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I actually conclude the opposite from you in terms of the value of "conflationary alliances".  I will pick on the examples you provided:
Alice ignores Bob's decent argument against eating porkchops using an appeal to authority (if we consider science to be authoritative, which I do not) or an appeal to popularity (if we consider science to be valid because of popular recognition that certain hypotheses have never been disproven).  The fact that Bob and Alice are having the discussion opens the door for Bob to explain his own meaning and show Alice that, although her use of the term is exclusive to humans, she may recognize features of pigs which deepen her understanding of herself and her affinity for the group in which they met.

Dana invites Charlie to use the same weak argument as Alice did, and Charlie accepts.  If he wanted to defend his fear of AI, he could have better explained what he meant, again opening the door to a deeper understanding of himself and the reasons he is hanging out with Dana, and she could have learned something instead of restricting her responsibility to consider others' points of view to "what has reached consensus".

Faye uses a lack of knowledge as an excuse to avoid treating AI "as valuable in the way humans are".  Eric does not point this out to her or otherwise take the opportunity to defend the moral patience he attributes to AI.

I don't view any of these failures on the parts of your characters to be a result of sloppy definitions or conflation of alliances.  While you may be arguing that such conflation makes these kinds of dodges easier, those who want to dodge will find a way to do so and those who want to engage honestly will hone their definitions.  I think conflation alliances create more opportunities for such progress.

I'd also like to point out that nearly all words share the kind of conflationary essence simply because Plato was wrong about the world of ideals.  We discovered that other people made different sounds to refer to different things and our tendency to use language grew out of this.  Every brain has its own very personal neural pattern to represent the meaning of every word the owner of the brain understands.  They match closely enough for us to communicate complicated ideas and develop technology, but if you dig into the exact meaning for any individual, you will find differences.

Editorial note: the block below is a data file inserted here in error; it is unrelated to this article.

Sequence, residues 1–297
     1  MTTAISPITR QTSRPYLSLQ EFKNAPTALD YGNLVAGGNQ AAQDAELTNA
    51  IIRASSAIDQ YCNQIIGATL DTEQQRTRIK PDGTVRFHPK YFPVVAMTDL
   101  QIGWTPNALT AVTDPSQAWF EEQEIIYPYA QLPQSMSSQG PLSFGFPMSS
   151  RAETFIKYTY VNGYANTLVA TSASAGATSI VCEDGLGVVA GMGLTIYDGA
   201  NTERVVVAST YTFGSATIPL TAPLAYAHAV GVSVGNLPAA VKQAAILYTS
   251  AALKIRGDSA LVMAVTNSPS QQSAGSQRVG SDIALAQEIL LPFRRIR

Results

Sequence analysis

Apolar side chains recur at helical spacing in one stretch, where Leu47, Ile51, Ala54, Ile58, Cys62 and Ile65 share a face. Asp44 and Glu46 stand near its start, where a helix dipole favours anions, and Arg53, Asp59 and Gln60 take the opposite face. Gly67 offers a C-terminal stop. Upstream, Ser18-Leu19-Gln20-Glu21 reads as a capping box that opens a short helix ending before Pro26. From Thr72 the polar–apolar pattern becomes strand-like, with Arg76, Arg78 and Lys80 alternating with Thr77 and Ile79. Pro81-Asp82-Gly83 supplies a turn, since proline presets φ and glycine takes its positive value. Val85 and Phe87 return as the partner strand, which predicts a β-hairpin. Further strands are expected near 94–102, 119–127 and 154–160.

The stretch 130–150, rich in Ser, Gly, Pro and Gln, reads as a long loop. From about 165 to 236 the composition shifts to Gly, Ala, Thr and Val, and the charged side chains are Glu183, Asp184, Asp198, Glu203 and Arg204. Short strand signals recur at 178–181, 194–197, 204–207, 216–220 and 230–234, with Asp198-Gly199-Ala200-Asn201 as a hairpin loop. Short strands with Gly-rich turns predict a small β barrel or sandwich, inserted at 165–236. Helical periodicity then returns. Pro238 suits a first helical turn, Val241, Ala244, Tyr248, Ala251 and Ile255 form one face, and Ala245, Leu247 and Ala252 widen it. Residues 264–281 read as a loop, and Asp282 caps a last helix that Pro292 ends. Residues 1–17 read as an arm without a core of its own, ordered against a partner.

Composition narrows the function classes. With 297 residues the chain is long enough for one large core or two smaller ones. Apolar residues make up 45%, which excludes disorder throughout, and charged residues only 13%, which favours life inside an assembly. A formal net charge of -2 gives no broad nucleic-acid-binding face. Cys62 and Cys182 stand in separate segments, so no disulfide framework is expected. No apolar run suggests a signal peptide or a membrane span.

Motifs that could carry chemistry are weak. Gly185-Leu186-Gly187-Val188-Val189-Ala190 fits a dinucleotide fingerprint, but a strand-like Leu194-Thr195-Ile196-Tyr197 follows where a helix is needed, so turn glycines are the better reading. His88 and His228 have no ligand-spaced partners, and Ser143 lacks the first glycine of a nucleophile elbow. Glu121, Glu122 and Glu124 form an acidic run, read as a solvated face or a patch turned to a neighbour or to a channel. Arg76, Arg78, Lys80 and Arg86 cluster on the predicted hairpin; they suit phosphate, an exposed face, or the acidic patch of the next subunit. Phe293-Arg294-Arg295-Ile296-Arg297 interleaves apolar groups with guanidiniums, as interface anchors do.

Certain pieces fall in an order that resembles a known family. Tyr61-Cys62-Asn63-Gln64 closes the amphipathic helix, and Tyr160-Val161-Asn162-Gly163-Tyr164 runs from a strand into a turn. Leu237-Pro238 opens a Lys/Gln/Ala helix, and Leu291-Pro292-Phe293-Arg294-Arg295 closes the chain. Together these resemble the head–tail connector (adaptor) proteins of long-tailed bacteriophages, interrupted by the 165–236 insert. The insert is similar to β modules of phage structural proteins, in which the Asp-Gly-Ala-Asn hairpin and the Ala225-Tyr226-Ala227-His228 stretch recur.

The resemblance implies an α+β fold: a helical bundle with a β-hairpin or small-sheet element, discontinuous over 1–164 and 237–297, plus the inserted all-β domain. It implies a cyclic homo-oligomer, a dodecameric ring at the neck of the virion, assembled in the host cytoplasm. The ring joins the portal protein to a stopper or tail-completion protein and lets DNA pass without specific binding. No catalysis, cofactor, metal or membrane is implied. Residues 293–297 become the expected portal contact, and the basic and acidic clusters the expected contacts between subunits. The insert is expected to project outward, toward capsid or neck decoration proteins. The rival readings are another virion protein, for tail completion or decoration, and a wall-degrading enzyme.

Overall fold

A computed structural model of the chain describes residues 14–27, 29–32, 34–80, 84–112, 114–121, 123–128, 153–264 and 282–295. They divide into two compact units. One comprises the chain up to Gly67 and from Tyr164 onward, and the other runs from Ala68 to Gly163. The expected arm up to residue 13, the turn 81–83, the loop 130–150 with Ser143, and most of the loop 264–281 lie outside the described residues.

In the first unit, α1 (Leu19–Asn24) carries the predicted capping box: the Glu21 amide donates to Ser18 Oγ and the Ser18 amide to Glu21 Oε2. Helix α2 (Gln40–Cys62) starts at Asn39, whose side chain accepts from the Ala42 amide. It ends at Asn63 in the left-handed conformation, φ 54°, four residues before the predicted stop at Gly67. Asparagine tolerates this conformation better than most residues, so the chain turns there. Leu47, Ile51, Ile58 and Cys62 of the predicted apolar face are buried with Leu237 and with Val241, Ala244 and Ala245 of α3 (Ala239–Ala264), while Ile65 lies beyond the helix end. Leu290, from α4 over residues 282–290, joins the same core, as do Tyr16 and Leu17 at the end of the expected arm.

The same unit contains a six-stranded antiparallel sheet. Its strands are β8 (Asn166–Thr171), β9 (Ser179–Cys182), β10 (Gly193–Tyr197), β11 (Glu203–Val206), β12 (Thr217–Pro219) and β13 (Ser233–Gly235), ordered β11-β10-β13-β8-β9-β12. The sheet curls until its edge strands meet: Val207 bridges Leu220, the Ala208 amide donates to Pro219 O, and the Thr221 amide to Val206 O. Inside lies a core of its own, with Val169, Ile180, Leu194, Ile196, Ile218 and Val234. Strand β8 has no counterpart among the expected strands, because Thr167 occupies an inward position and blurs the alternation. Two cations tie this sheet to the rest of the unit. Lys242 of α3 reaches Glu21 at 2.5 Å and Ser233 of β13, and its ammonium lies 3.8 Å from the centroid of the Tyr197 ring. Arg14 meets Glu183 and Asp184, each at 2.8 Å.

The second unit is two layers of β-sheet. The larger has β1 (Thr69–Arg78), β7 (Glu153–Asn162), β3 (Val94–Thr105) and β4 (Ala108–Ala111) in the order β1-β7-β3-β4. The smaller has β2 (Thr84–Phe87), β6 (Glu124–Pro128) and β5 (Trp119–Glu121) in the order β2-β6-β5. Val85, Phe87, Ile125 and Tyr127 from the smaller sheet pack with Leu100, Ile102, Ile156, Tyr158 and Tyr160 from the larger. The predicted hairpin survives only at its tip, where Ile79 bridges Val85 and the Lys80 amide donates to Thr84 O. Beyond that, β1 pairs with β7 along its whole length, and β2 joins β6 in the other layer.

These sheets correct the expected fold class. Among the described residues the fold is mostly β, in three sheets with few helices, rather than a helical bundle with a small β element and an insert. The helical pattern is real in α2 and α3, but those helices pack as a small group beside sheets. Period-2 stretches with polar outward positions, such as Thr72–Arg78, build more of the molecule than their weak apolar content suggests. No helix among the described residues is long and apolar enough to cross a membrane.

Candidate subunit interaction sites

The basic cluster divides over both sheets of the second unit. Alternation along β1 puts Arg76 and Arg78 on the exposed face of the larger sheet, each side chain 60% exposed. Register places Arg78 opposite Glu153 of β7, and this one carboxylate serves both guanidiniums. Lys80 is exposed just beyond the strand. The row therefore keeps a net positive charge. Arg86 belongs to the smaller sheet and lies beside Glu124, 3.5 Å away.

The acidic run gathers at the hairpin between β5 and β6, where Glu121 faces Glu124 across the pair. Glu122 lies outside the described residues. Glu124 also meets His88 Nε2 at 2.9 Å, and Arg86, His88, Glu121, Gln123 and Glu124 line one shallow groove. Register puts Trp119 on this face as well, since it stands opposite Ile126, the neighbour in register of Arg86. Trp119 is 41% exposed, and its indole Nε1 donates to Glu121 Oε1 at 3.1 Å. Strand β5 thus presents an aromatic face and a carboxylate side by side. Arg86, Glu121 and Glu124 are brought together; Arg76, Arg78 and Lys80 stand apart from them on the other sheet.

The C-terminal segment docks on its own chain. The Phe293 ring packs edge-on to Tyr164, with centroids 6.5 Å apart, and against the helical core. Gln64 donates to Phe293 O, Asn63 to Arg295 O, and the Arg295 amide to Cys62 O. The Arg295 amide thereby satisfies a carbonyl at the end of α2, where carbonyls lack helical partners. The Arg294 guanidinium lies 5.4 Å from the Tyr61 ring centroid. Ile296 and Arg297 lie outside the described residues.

Lastly, I'd like to offer you a different solution than establishing a clear and definite meaning for "consciousness" or any other term.  It requires a bit more agility than you might be comfortable with because the persistence of alliances is not nearly as important as developing deeper understanding of others.  The solution is to point to the differences openly and gratefully when you see people whose use of a word like consciousness differs to the degree that you'd say they shouldn't be allied.  Openly, because I agree that those wishing the alliance to persist may attempt to downplay the differences.  Gratefully because the disagreement is, like all alternative and reasonable hypotheses in science, an opportunity for one or both parties to deepen their understanding of each other and the whole group.


I said "a bit more agility" because I noticed that you worked for a PhD, and that reminded me of Jeff Schmidt's book, Disciplined Minds, about how we constrain ourselves when we aim to earn what others might provide to us for being a certain way.   I mean no offense, and very much prefer to relieve you of a feeling I think you might have, that things should be more orderly.  Chaos is beautiful when you can accept it, and sometimes it makes more sense than you expected it to, if you give it a chance.

"In a moral dilemma where you lost something either way, making the choice would feel bad either way, so you could temporarily save yourself a little mental pain by refusing to decide." From Harry Potter and the Methods of Rationality, which I'm reading at hpmor.com. My solution is to make that dilemma more precise so that I will know which way I'd go.  It nearly always requires more details than the creator of the hypothetical is willing to provide.

I am the webmaster of voluntaryist.com since I inherited it from the previous owner and friend of mine, Carl Watner.  It seems to me that coercion is the single most deleterious strategy that humans have, and yet it's the one on which we rely on a regular basis to create and maintain social cohesion.  If we want to minimize suffering, creating suffering is something we should avoid.  Coercion is basically a promise to create suffering.  I seek people who can defend coercion so that I can learn to see things more accurately, or help others do so.